Preprints
https://doi.org/10.5194/acp-2021-703
https://doi.org/10.5194/acp-2021-703

  27 Aug 2021

27 Aug 2021

Review status: this preprint is currently under review for the journal ACP.

The nitrate radical (NO3) oxidation of alpha-pinene is a significant source of secondary organic aerosol and organic nitrogen under simulated ambient nighttime conditions

Kelvin H. Bates1,2, Guy J. P. Burke1, James D. Cope1, and Tran B. Nguyen1 Kelvin H. Bates et al.
  • 1Department of Environmental Toxicology, University of California Davis, Davis CA 95616, USA
  • 2Center for the Environment, Harvard University, Cambridge, MA 02138, USA

Abstract. The reaction of α-pinene with NO3 is an important sink of both α-pinene and NO3 at night in regions with mixed biogenic and anthropogenic emissions; however, there is debate on its importance for secondary organic aerosol (SOA) and reactive nitrogen budgets in the atmosphere. Previous experimental studies have generally observed low or zero SOA formation, often due to excessive [NO3] conditions. Here, we characterize the SOA and organic nitrogen formation from α-pinene + NO3 as a function of nitrooxy peroxy (nRO2) radical fates with HO2, NO, NO3, and RO2 in an atmospheric chamber. We show that SOA yields are not small when the nRO2 fate distribution in the chamber mimics that in the atmosphere, and the formation of pinene nitrooxy hydroperoxide (PNP) and related organonitrates in the ambient can be reproduced. Nearly all SOA from α-pinene + NO3 chemistry derives from the nRO2 + nRO2 pathway, which alone has an SOA mass yield of 65 (±9) %. Molecular composition analysis shows that particulate nitrates are a large (60–70 %) portion of the SOA, and that dimer formation is the primary mechanism of SOA production from α-pinene + NO3 under simulated nighttime conditions. We estimate an average nRO2 + nRO2 → ROOR branching ratio of ~18 %. Synergistic dimerization between nRO2 and RO2 derived from ozonolysis and OH oxidation also contribute to SOA formation, and should be considered in models. We report a 58 (±20) % molar yield of PNP from the nRO2 + HO2 pathway. Applying these laboratory constraints to model simulations of summertime conditions observed in the Southeast United States (where 80 % of α-pinene is lost via NO3 oxidation, leading to 20 % nRO2 + nRO2 and 45 % nRO2 + HO2) , we estimate yields of 13% SOA and 9% particulate nitrate by mass, and 26 % PNP by mole, from α-pinene + NO3 in the ambient. These results suggest that α-pinene + NO3 significantly contributes to the SOA budget, and likely constitutes a major removal pathway of reactive nitrogen from the nighttime boundary layer in mixed biogenic/anthropogenic areas.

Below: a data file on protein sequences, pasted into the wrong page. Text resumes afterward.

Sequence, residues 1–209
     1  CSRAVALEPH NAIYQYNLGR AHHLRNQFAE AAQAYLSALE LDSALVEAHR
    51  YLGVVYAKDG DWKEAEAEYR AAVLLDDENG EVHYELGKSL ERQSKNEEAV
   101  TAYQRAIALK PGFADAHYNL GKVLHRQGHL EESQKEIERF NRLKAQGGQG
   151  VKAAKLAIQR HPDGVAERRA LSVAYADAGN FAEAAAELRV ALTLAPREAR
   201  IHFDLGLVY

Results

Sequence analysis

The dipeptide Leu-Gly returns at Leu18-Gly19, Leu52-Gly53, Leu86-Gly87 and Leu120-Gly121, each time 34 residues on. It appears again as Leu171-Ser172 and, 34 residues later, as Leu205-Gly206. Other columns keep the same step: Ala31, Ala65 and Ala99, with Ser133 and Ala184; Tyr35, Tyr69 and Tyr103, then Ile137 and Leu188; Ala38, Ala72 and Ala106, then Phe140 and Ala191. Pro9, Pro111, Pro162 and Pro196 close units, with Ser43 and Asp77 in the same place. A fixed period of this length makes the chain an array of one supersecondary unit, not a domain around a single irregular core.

Kelvin H. Bates et al.

Status: final response (author comments only)

Comment types: AC – author | RC – referee | CC – community | EC – editor | CEC – chief editor | : Report abuse
  • CC1: 'Comment on acp-2021-703', Jessica Haskins, 07 Sep 2021
  • RC1: 'Comment on acp-2021-703', Anonymous Referee #1, 06 Oct 2021
  • RC2: 'Comment on acp-2021-703', Anonymous Referee #2, 21 Oct 2021

Kelvin H. Bates et al.

Kelvin H. Bates et al.

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Short summary
The main nighttime sink of α-pinene, a hydrocarbon abundantly emitted by plants, is reaction with NO3 to form nitrooxy peroxy radicals (nRO2). Using uniquely designed chamber experiments, we show that this reaction is a major source of organic aerosol when nRO2 react with other nRO2, and forms a nitrooxy hydroperoxide when nRO2 react with HO2. Under ambient conditions, these pathways are key loss processes of atmospheric reactive nitrogen in areas with mixed biogenic and anthropogenic influence.
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